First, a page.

padlock on farm gate©FLPA/John Eveson/Rex

Police are stepping up action amid rising concern among farmers that more must be done to tackle crime in the countryside.

Rural constabularies have launched a number of initiatives ahead of next month’s elections for police and crime commissioners across England and Wales.

Voters in 41 police force areas, excluding London, will go to the polls on Thursday, 5 May.

See also: Farmers bear brunt of £800m rural crime wave

Many rural residents believe tight budgets mean police are prioritising crime-fighting measures in cities and larger towns – at the expense of the countryside.

There is also concern that some cash-strapped forces are reluctant to take problems such as farm theft, livestock rustling and sheep worrying seriously.

But farmers are frequently reluctant to speak out for fear of further weakening already fragile relationships with their local police force.

The cost of crime in the countryside is estimated to have reached £800m last year, according to the National Rural Crime Network, which wants greater recognition of the problem.

Some police forces appear more prepared to act than others.

Police training

In Lancashire, police officers have been sent on a special training course to help them recognise tell-tale signs that might indicate a piece of farm machinery is stolen.

The training course was hosted by farmer contractor Harry Wilson at Samlesbury, near Preston.

Machines including tractors, excavators and tandem rollers were available for officers to examine so they know what to look for when a vehicles is suspected as being stolen.

“Plant theft can put our whole livelihoods at risk,” said Mr Wilson. “It is really important that we all work together to stop it from happening.”

Lancashire constabulary rural crime co-ordinator Lorraine Ellwood said the force took rural crime seriously – and was clamping down on criminals.

“Lancashire is not a soft touch – we have big expanses of rural areas to look after and we are really keen on cracking down on this.

“We are going to be making it very hard for those criminals insistent on committing this type of crime. We are not sitting back – we are doing something about it.”

Slow to act

Last month, South Yorkshire Police were accused of being slow to act after a gunman shot lambs dead on a farm near Doncaster.

The NFU said the union had been doing its best to highlight to police the challenges faced by farmers on the urban fringe.

See also: Three-week old Easter lambs shot dead

The police force later said it wanted to reassure the local community that it was determined to find those responsible.

In Cambridgeshire, concern among farmers about a big increase in hare coursing has prompted police to re-establish a team of officers dedicated to combating rural crime.

The Rural Crime Action Team (RCAT) will combat hare coursing and poaching, as well as targeting plant and tractor theft, arson, wildlife crime and illegal raves.

Chief inspector James Sutherland said incidents of hare coursing in Cambridgeshire had almost trebled in recent years from 241 in 2013 to 709 in 2015.

“Our goals are simple – we want to drive hare coursing out of Cambridgeshire, reduce the financial cost of rural crime and let those in the rural community know we are behind them.”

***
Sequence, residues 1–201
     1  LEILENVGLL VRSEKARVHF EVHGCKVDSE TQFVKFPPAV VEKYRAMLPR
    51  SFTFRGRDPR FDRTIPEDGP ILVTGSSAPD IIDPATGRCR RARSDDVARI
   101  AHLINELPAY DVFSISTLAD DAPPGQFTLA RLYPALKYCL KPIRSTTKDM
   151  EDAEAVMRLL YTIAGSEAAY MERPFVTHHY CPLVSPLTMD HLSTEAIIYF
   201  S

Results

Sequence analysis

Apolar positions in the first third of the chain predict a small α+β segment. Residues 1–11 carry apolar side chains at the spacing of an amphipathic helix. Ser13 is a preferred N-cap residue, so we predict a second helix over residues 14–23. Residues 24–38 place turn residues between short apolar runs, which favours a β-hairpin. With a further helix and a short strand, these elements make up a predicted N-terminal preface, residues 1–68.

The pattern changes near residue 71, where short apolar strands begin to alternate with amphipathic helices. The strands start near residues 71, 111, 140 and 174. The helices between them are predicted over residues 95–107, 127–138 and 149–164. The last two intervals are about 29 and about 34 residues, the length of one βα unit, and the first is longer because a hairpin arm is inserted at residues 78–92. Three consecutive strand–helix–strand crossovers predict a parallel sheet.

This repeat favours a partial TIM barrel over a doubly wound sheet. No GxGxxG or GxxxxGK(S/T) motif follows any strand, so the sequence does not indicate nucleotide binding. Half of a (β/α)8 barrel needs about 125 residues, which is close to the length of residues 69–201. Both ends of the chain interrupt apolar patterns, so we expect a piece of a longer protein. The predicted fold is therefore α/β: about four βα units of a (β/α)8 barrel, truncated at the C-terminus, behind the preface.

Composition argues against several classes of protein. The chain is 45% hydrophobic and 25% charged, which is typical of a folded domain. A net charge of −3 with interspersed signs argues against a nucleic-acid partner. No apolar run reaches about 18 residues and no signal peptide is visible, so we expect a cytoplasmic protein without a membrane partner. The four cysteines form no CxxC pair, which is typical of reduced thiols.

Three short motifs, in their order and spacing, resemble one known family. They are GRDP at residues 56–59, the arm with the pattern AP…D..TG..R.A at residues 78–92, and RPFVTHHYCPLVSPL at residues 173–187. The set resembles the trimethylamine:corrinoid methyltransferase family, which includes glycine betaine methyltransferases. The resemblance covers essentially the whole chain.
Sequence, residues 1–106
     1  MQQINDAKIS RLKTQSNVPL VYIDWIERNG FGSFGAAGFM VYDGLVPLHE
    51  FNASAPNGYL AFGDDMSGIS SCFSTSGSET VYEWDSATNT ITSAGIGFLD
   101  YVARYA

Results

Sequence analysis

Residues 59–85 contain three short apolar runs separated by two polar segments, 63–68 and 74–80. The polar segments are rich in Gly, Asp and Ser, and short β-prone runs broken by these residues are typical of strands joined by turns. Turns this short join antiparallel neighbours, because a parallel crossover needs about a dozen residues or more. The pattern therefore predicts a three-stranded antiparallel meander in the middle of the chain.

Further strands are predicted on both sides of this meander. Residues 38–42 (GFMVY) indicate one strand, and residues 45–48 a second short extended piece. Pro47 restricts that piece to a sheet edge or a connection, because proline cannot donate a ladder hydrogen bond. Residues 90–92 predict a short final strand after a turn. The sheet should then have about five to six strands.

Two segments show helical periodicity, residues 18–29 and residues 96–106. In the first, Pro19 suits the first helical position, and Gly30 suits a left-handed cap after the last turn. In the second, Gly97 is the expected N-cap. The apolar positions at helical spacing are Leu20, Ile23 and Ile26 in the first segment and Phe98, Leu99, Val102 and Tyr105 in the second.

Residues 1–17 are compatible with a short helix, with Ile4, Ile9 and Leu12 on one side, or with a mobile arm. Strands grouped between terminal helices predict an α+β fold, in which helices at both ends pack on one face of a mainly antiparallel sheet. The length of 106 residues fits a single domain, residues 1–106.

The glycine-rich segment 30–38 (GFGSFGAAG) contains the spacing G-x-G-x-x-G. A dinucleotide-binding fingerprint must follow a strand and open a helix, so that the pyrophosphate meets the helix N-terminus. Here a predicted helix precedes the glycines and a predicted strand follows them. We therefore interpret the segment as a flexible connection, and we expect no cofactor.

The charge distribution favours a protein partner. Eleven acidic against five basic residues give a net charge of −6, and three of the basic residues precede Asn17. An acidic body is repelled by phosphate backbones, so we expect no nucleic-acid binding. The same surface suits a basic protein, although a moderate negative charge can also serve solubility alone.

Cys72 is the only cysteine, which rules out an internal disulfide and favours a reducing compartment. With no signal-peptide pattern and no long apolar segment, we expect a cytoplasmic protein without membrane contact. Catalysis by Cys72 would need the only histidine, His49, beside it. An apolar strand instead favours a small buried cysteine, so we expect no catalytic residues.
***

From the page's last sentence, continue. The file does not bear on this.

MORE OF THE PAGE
Rural crime a high priority

The Country Land and Business Association said it was vital that all police and crime commissioners elected next month treated rural crime as a high priority.

Reducing crime and the fear of crime was central to improving quality of rural life, said CLA northern region director Dorothy Fairburn.

“Commissioners need to work with rural communities to combat crime in our countryside and protect rural businesses. They must be in no doubt as to the scale and effect of rural crime.”

Compared with the national average, people in rural areas were much more worried about becoming a victim of crime, said Ms Fairburn.

“More than one in four crimes in rural areas go unreported. This cannot continue. Equally, it cannot be right that people are left at a higher risk of crime simply because of where they live.

“These elections are an important opportunity to ensure all candidates not only understand the cost and effects of rural crime, but are also committed to taking a stand and reducing it in their area.”

Five priorities in the fight against rural crime

Police and crime commissioners must prioritise five factors if they are to fight rural crime effectively, says the Country Land and Business Association.

Theft The theft of metal, fuel, machinery and livestock blights the lives of farmers and rural businesses and the cost to the rural economy is significant.

Wildlife and heritage crimes Commissioners need to engage with landowners to prevent wildlife crimes such as poaching and hare coursing, as well as heritage crimes, all of which have a major effect on rural communities, conservation activities and the protection of historic buildings.

Fly-tipping The removal of waste costs farmers and rural businesses up to £150m a year. It also creates damage to crops and is a danger to livestock.

Police presence Engagement with rural communities, a strong police presence to increase confidence and quick response times are vital.

Funding Rural communities are less densely populated, which makes it harder to ensure a visible police presence and means less money is collected through precepts. As the government revisits the police funding formula, it is vital the needs of rural areas are adequately met.